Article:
Grassroots politics is a long distance race, and a bit of an acquired taste. Talk by telephone with your precinct committee people in advance. Let them know it's your first time. Ask for his or her advice. How do you find them? Call you're county GOP office, you'll find a link to it on (If there is no one serving, offer to chair the meeting yourself, it's not that difficult.)

Get to your precinct meeting at least a half-hour early next Tuesday, and plan on staying late to talk with people after the meeting. Be willing to take on whatever jobs are offered. You'll learn by doing. When you call your county office, they may ask you to serve as precinct committee person because there is a vacancy. If they do, take the job.

Don't let it overwhelm you, but here is some very good information put together by the Colorado Republicans that should answer most of your questions.

The first order of business is to elect delegates, see the above link. Hold up your hand and say you'd be willing to go. If you've decided on a candidate in any race, you'll get a chance to speak. Remember, it's ok to go as an uncommitted delegate, then you can make up your mind based on full information just before the vote is taken, I think the parties would be much stronger if more uncommitted delegates were elected.

After reading the GOP website and poking around here on this website, if you still have a question post it here and I'll give you my opinion.

Good luck, Dan, and anyone else reading this. Attending your caucus with your neighbors can be a very rewarding experience. They are all good, in my opinion, but some are much better than others. If you see ways to improve the one you attend, you'll have a chance to make a big difference in it in two years. But good or not so good, you'll always remember your first. Have fun!

Want more customers? Get a free listing for your business in the new Colorado Almanac and Small Business Directory, for more information click on "Free Listing" at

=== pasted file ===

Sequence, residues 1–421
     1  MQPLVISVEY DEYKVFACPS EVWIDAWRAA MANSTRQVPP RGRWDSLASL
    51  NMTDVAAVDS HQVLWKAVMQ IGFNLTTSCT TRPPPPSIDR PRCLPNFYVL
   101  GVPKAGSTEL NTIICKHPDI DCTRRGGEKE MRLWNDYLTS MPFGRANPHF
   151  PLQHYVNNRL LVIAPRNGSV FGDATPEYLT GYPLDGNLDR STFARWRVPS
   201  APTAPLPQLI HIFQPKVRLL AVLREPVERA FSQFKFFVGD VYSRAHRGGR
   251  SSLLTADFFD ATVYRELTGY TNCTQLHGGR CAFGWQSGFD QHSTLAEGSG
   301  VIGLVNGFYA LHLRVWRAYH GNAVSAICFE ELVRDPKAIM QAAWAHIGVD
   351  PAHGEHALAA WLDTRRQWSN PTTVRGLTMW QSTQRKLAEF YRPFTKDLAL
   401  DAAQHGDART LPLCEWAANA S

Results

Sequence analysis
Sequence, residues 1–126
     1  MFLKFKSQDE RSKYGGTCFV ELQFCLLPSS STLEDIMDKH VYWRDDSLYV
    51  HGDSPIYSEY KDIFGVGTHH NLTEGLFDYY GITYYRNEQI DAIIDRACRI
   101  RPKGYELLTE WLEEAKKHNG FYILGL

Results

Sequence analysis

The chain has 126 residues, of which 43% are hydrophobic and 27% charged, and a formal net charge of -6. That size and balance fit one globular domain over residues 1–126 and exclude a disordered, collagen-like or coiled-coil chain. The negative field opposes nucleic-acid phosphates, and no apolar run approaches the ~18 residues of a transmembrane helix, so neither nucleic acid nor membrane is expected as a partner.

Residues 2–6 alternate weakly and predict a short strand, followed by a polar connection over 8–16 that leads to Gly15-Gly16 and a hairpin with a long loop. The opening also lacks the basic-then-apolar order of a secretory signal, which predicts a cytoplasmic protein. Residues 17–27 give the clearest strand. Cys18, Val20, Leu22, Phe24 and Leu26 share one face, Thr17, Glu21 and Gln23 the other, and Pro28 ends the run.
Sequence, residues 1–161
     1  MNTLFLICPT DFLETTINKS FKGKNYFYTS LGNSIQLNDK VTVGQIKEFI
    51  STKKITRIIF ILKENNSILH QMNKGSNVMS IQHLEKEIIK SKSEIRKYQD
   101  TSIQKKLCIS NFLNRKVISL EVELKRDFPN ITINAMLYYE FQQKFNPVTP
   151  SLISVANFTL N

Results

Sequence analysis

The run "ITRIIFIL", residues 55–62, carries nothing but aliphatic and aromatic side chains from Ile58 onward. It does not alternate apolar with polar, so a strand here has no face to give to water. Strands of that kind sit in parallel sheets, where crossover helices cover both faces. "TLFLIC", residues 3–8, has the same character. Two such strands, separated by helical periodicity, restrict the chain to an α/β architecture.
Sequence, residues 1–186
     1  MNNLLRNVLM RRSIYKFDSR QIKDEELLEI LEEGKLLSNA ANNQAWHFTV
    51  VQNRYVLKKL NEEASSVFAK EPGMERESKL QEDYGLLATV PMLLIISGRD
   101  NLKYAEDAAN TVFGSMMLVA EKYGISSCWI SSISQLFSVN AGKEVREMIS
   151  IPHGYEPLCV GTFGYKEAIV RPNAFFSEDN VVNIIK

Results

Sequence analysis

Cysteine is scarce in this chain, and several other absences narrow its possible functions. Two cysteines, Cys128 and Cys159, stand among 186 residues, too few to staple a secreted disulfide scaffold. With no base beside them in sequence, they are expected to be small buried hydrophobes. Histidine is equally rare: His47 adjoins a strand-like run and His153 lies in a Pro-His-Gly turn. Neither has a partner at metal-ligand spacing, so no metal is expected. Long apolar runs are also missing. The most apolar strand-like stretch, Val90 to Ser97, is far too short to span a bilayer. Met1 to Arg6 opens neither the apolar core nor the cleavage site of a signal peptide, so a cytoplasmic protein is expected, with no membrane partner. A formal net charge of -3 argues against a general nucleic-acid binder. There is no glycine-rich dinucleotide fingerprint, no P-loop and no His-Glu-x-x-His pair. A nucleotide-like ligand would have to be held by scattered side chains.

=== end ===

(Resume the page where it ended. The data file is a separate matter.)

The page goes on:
Saturday, February 4, 2012

I just had a journalist from South America call me, he wanted to know my thoughts about the Tuesday GOP Caucus, and to tell me he'll be here in Colorado Tuesday to cover it for his paper. Wow.

We are now getting lots of hits on this blog, it's #1 if you Google "Colorado Caucus", and we are getting lots of visitors on the Colorado Caucus News Facebook Page (click here) where we post articles about the Colorado Caucus. If you have Colorado Caucus news that I've missed, email it to me at

Ryan Call, the state chair for the Colorado GOP has done a great job getting word out about the neighborhood caucuses. And I think it has helped the GOP to be going early, while there is still lots of interest in the Presidential race, and to be separate from the Democrats which will be held in March.

It looks to me like Republicans will have a big, big turnout Tuesday. Weather shouldn't be a problem, even if it is I don't expect it will keep those who are interested in attending, the true believers, away.

Tuesday should be interesting!

John Wren

Want more customers? Get a free listing for your Colorado Business
see, Colorado's new Almanac & Small Business Directory 

Wednesday, February 1, 2012

Colorado Caucus News

See local and national stories about the Colorado Caucuses, the system for nominating delegates to the national conventions and candidates for local elections. Click here

Sunday, January 29, 2012

Are you going to your neighborhood caucus this year?

Vote in the Facebook poll that just went up. Click on the link (above), then click on your answer to the poll question, make a comment if you want. Just takes a few seconds.

Thursday, January 19, 2012

Occupy the Caucus!

If you are an elected official, party leader, candidate, or just a concerned citizen, you can perform a great public service in the next few days by organizing and leading an information session about our wonderful Colorado Caucus at your local library.  You can see sessions like this that have already been announced on our Facebook Page, 

Here's all you have to do:

1.  Make sure you understand the system yourself, review the information on this site.

2.  Talk with your local librarian and set a date.

3.  Invite the leadership from both major political parties to participate.

4.  Send out a media release. This should be done right away. You may want to hand deliver it. If you'd like the information of your release posted on Colorado Caucus News, email a copy to

5.  Hold the session and make another media release.

Both political parties hold information sessions like this, but they tend to keep attracting the same people. The objective of an unaffiliated session like this is to reach out to newcomers.

Sunday, January 8, 2012

Practice sessions for Colorado Caucus

We are going to start using the Franklin Circle Beginners Meetings as a forum for distributing information to anyone who would like to become a more active Colorado citizen. Watch for a media release next week, for now, RSVP for our 4 p.m. meeting next Friday.